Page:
If you're running a "standard" Fedora 14, somewhere in your "Applications" menu (probably in the "System" section) you should find the gparted
command. (There may, in fact, be a "Search" function in the Application menu. If so, just search for the gparted
command.) When you run it (and after you enter your "root" password), you should get a screen that (by default) will show the partitions on your first hard drive. In the upper, right, part of the screen is a drop-down window that you can use to find other drives. (They are called "sda," "sdb," etc. If you want to know why "hda" became "sda," just ask. But expect "jargon" as an answer.) Anyhow, one of the drives should
, I guess, have a single partition and be the one you want to reformat. (If it's not obvious which drive is the one you're looking for, close gparted
, unplug the drive, and restart gparted
. The drive that's not there is the one you're interested in formatting. Plug it back in, and press the control-R key combination to have gparted
refresh its device information list. Then select the device, and highlight the partition you want to format.
Once you've got the correct partition highlighted, select the "Format to" item under the "Partition" item in the main menu. That should pop up a list of format options, from which you should select "fat32." You will - of course - be warned that reformatting the partition will destroy all data in that partition - which is, of course, obvious, but a CYA that the developers feel they need to put in. Anyhow, after you accept the warning, the "check mark" at the right end of the menu under the main menu should turn green. Click on that (now green) check mark, and the partition will be reformatted. (If you don't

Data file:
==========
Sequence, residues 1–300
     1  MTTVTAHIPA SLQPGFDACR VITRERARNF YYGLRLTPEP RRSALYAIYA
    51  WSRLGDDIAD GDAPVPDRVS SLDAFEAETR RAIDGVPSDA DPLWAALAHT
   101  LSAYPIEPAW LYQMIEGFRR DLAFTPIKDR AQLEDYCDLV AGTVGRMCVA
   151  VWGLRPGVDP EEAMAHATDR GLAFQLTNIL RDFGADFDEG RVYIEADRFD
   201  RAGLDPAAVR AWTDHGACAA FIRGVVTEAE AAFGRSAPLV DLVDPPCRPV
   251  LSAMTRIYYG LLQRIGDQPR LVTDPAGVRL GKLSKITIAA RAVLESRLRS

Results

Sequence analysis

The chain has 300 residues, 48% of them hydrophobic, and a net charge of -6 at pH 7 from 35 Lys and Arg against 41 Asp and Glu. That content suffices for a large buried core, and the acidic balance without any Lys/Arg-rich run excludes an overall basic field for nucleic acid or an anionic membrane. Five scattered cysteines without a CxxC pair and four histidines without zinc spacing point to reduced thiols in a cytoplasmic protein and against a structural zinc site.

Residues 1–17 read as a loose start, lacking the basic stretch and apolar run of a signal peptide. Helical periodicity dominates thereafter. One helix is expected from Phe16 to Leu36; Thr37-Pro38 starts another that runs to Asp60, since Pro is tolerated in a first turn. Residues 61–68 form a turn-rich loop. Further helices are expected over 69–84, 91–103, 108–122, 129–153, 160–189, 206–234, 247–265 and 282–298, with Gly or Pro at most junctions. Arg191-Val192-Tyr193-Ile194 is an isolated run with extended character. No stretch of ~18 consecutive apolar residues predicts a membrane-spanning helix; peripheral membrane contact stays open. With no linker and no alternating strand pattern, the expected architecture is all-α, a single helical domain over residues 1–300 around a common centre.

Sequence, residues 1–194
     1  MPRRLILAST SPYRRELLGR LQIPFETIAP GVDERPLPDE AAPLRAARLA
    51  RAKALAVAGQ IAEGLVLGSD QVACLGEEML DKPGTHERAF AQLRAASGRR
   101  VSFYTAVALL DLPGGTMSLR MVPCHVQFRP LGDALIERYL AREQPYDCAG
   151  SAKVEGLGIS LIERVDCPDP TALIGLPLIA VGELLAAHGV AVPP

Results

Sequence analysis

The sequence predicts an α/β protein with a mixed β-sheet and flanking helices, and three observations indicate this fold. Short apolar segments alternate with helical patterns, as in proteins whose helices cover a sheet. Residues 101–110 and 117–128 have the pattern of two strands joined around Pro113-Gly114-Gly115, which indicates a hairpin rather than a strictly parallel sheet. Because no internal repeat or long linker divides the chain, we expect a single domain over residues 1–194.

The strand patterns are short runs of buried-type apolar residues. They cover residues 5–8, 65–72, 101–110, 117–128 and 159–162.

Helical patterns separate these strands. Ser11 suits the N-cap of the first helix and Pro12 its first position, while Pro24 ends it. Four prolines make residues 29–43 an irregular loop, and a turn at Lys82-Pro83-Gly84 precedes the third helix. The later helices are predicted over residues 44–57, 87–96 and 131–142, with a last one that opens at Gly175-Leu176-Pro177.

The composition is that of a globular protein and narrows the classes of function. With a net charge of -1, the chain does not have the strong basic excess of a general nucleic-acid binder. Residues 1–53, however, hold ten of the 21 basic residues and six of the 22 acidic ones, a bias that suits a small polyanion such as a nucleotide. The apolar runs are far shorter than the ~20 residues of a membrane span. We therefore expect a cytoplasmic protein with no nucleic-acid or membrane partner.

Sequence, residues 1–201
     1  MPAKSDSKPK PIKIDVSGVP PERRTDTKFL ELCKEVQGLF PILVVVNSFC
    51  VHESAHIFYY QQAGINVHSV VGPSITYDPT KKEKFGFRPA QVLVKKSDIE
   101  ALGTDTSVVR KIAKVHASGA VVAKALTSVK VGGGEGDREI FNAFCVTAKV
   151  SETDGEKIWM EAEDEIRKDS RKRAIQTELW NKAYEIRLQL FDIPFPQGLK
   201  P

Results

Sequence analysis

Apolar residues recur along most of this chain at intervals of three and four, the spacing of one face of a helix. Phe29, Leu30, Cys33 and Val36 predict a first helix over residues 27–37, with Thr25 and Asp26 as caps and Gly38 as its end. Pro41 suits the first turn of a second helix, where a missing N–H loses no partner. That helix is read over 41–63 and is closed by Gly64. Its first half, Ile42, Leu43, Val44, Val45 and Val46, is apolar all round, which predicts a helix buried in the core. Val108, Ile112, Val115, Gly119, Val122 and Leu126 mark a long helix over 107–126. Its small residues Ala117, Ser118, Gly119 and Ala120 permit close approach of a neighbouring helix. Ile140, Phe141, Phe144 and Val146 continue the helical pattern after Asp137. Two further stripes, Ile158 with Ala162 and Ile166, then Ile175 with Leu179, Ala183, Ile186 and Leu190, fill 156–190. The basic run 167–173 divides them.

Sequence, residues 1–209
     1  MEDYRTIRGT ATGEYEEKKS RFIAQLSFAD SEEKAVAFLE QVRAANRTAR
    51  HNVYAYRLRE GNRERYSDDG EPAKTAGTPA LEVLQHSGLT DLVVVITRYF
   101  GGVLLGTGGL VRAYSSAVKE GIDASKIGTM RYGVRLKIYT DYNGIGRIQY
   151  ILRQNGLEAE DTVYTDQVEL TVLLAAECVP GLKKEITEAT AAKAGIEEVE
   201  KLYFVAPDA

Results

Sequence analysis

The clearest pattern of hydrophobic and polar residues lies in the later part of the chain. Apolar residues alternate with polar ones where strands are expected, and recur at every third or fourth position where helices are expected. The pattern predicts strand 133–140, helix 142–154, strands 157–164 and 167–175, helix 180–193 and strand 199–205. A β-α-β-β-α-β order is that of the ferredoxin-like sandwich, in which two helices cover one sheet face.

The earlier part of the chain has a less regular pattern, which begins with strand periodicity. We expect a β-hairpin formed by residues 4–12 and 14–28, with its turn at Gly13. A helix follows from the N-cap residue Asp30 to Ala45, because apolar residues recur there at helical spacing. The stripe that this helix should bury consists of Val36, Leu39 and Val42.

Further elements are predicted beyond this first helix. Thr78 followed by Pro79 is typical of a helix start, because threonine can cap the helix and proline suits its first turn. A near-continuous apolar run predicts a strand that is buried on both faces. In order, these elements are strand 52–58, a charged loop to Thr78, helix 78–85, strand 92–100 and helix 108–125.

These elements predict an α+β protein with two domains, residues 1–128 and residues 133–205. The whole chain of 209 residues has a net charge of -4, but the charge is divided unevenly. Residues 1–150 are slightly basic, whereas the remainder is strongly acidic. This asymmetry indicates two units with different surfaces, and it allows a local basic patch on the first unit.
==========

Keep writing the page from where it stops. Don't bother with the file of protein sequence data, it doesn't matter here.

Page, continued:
press the check-mark, nothing will be done to the drive.)
By the way, before you push the check-mark, note the "Label" item, also under the "Partition" main-menu. If you click that, you can add a label to your drive.
Hope this helps.
P.S.: If gparted
is not installed, use the "Add software" function to add it to your system.